This is it then, the first blog about a new country for over two years. It’s crazy to think I had wanted to get to NZ for so long and to finally arrive felt pretty surreal once it all came together. It had been a long time coming and although there were certainly times when I did lose hope and think it would never happen, deep down I always had faith I would get here in the end. Timings couldn’t have been much better either, I was ready to leave my job in Aus, and my visa there was also up. Don’t get me wrong I had plenty of options to stay in Australia, but once I knew I could get to NZ there was no holding me back. NZ hadn’t really been on my radar until a few months into my time in Aus when I thought it would be a good idea to visit while this side of the world. That thought just snowballed and became a bit of an obsession in the end, but I just instinctively knew it was a country for me and that I would love it. So far that has certainly proved to be the case. I’ve now been here a month and the current plan is to stay until Christmas before coming home. I’m fairly set on that plan, but as with anything over the past few years, lots can change. Getting here wasn’t without its difficulties though and visa troubles are likely to rumble along in the background while I’m here, but I won’t let that impact my time. Just to paint a picture, for NZ you can get a working holiday visa as with Australia, I had applied for this at the start of 2020, aiming to come April 2020. The visa got granted on the 14th of Feb 2020 about 4 weeks before NZ shut their borders. The condition of the visa is that you get 1 year to enter the country once the visa is granted and then when you enter you can technically have 2 years in the country with full working rights. We all know what happened with COVID, but finally, NZ and Aus agreed to a travel bubble commencing the 19th of April 2021. I flew in on the 5th of May 2021. What this meant is I missed the year window to enter the country on my working holiday visa and this was now void and couldn’t be used. I assumed I could just apply for another one seeing as it was through no fault of my own, but stupidly the NZ government hasn’t changed the law to allow this as of yet. And you are only allowed the visa to be granted once in your lifetime even if you don’t use it, normally fair enough, with COVID, a bit steep. Meaning I may never have the chance to use a NZ working holiday visa. Little bit shit, but there we are, maybe over the coming months or years that may change, it just depends on what the NZ government legislates. This, therefore, meant I had to enter the country on a tourist visa. Luckily due to having a UK passport, I am entitled to a 6-month tourist visa on arrival, which takes me up to the 5th of November, then closer to the time I shall apply for an extension to this, as you can get up to 9 months and that will take me up to Christmas. I knew all this before departing Aus apart from one small condition that on a tourist visa you must show proof of onward travel, i.e a plane ticket out of the country. As I rocked up to the check-in counter for my flight from Melbourne to NZ, I was told there was no way I could get on the plane without an onward ticket. A pretty heart in mouth moment, but I was hell-bent on boarding that plane. After a fast-tracked phone call with NZ immigration, it was decided that if I went and brought a ticket back to the UK there and then I would be allowed on the plane. So there I was at 6:00 am in the airport lounge, searching Skyscanner for flights from NZ back to the UK on the 4th of November. Pretty crazy experience and to be honest I didn’t even really know what I booked until after the fact. Turns out I booked a £550 flight from Christchurch to Heathrow via Sydney and Dubai taking 30 hours in total haha. I was sensible enough to book a Flexi-Ticket which I will change to some time in December as I plan on coming back then anyway. But with that, they let me on the plane and from there I had no more dramas. The only slight sticking point now is on a tourist visa I am unable to work. Which to be honest I don’t really mind, I worked bloody hard for a year and a half in Aus with the last 3 months of my time there being really stressful. I am very much looking forward to just enjoying myself in NZ as a tourist, learning to snowboard and exploring the beautiful country. It does mean I have to go back into my student mode and budget myself very carefully. But a 7 month holiday in NZ doesn’t sound too bad to me. Anyway enough of the visa stuff, if you want to know anymore just send me a message, happy to fill you in on the details haha.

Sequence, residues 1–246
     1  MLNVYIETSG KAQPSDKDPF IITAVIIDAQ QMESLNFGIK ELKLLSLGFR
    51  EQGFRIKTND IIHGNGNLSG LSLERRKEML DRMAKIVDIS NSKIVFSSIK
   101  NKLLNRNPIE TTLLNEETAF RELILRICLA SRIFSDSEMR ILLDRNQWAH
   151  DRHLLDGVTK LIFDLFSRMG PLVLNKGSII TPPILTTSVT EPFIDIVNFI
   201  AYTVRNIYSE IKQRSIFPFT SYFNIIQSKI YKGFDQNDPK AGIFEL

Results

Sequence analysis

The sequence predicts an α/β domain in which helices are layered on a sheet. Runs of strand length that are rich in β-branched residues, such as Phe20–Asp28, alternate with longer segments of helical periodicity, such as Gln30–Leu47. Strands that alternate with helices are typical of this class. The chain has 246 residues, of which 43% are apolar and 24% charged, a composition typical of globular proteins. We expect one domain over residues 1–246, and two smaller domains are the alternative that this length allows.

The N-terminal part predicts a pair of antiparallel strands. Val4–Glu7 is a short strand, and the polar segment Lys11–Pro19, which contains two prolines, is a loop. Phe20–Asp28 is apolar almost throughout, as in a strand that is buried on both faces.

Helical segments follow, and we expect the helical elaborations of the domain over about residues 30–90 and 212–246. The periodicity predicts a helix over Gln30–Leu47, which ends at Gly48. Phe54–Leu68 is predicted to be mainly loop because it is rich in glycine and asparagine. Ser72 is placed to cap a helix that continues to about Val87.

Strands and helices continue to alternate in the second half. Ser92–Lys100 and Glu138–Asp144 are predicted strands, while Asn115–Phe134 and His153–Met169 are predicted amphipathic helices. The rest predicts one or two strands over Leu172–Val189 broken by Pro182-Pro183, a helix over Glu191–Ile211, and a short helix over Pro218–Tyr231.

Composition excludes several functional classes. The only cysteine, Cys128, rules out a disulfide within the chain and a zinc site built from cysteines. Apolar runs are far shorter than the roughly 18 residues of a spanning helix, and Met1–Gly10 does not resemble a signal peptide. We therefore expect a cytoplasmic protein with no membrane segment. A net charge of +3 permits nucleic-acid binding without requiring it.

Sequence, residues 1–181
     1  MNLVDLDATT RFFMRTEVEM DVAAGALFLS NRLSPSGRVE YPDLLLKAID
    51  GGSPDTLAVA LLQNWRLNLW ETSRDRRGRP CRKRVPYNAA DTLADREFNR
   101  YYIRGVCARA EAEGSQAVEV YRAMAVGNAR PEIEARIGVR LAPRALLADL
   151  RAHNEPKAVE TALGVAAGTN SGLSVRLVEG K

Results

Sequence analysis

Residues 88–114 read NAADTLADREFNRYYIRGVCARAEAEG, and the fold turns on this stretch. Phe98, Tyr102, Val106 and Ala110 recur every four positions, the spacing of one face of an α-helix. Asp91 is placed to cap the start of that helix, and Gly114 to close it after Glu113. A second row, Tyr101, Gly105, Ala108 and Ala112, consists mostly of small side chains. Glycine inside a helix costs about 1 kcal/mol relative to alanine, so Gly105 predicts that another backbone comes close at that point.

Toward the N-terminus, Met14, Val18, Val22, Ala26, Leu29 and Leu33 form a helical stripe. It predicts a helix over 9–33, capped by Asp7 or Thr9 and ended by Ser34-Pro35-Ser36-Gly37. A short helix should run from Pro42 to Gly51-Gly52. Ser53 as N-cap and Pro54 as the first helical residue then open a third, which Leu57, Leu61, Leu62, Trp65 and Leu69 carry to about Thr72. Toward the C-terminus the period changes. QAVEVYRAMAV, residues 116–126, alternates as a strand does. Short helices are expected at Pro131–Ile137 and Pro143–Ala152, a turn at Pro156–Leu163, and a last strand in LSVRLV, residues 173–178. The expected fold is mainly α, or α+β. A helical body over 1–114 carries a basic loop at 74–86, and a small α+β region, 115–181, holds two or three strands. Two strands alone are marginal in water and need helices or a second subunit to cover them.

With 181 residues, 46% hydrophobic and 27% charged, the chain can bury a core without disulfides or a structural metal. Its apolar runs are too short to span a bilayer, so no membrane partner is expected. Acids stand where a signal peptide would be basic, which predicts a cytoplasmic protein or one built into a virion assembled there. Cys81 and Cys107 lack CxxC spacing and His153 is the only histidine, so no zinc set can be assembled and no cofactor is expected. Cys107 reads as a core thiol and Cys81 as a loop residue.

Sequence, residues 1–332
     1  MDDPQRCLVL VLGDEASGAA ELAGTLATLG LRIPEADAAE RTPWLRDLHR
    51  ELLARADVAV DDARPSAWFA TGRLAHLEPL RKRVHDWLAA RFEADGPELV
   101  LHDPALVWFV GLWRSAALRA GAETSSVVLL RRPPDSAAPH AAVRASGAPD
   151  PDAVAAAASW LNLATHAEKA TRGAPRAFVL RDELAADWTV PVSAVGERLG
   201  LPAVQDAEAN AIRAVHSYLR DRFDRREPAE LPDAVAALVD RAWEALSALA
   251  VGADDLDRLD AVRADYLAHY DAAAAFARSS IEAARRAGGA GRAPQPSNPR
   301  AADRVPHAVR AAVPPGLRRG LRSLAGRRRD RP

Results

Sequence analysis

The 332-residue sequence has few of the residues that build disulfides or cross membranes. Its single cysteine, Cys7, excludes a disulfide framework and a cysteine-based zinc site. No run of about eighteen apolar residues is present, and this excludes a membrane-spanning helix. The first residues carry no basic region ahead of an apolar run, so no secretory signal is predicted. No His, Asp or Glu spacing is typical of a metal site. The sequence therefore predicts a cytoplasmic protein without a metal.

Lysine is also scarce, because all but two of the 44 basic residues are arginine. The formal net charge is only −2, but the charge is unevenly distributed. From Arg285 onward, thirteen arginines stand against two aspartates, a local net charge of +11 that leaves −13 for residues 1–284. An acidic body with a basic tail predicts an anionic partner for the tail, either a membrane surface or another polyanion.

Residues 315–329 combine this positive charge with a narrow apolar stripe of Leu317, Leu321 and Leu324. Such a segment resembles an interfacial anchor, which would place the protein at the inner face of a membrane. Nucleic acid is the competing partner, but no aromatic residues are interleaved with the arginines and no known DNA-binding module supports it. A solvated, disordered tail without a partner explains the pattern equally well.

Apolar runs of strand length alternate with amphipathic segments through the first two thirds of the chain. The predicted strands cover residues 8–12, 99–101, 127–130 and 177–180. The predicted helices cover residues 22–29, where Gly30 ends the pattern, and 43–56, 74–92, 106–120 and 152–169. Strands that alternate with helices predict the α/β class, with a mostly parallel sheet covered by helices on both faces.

I touched down in Christchurch NZ on the 5th of May. Again I couldn’t quite believe I was here. Deep down I had an underlying sense that even with the troubles that had just passed and a few still ahead I instinctively knew I was going to have the best time and be okay. It’s a powerful feeling to possess and to feel it so clearly was pretty mad. If you ever have that feeling listen to it as manifesting your future can be pretty powerful, after all, “what you think, you become”. And with that thought, I stepped out the airport door to make my way to the bus, looked to my right, saw a guy with a backpack, asked if he was heading to town, he responded “yep and you wouldn’t believe the morning I’ve had” and that right there was the start of my first friendship in NZ and meeting Emilio. Turned out we were also staying at the same hostel in NZ and that brutally for Emilio he had flown to NZ to surprise his then girlfriend, who on arrival said she didn’t want to see him and told him to leave. So understandably he was in a rather down mood. We checked into our hostel, then headed down to the bar for a drink. (Side note the guy in my room stunk, back to hostel reality after 1 and a half years. I did move room and low and behold the other person was from Carlisle, also called Calum, spelt the same haha, but I digress). By the time I got down to the hostel bar Emilio was talking to this other guy called Matt, a Scottish lad, living on the north island but just on his way back from a trip on the south island. And so as is tradition really when you land in a new country for the first time, the 3 of us headed out for a night on the town, chatting about our experiences, travels and just enjoying the process of meeting new people. We also ended up in one of the strangest bars I’ve ever been in with some of the strangest people too, The Craic, what a place. Being out with new people though reminded me how much I love going to new places and meeting new people. It felt amazing to be travelling again properly and I just felt so happy. That night a few beers deep Emilio decided he was going to try enjoy himself as best he could in NZ and book a campervan to travel around in, would I like to join him. I was more than happy to do so and said I planned on taking a week or so to travel down to Queenstown from Christchurch. Just like that the road trip had been formulated.